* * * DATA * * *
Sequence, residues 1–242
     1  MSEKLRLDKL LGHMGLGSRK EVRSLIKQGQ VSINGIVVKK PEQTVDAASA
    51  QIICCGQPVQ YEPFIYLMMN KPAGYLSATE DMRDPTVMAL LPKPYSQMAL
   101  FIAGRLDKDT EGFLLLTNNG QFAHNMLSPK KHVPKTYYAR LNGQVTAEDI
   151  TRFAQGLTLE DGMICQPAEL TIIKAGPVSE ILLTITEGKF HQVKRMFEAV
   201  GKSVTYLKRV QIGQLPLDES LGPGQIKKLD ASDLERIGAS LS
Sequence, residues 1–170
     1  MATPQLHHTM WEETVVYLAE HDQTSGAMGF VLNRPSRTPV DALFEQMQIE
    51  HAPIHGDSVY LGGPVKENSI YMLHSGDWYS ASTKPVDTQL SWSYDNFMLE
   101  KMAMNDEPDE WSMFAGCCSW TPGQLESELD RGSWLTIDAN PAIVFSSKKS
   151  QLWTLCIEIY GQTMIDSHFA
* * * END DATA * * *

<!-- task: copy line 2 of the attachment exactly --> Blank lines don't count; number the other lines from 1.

     1  MSEKLRLDKL LGHMGLGSRK EVRSLIKQGQ VSINGIVVKK PEQTVDAASA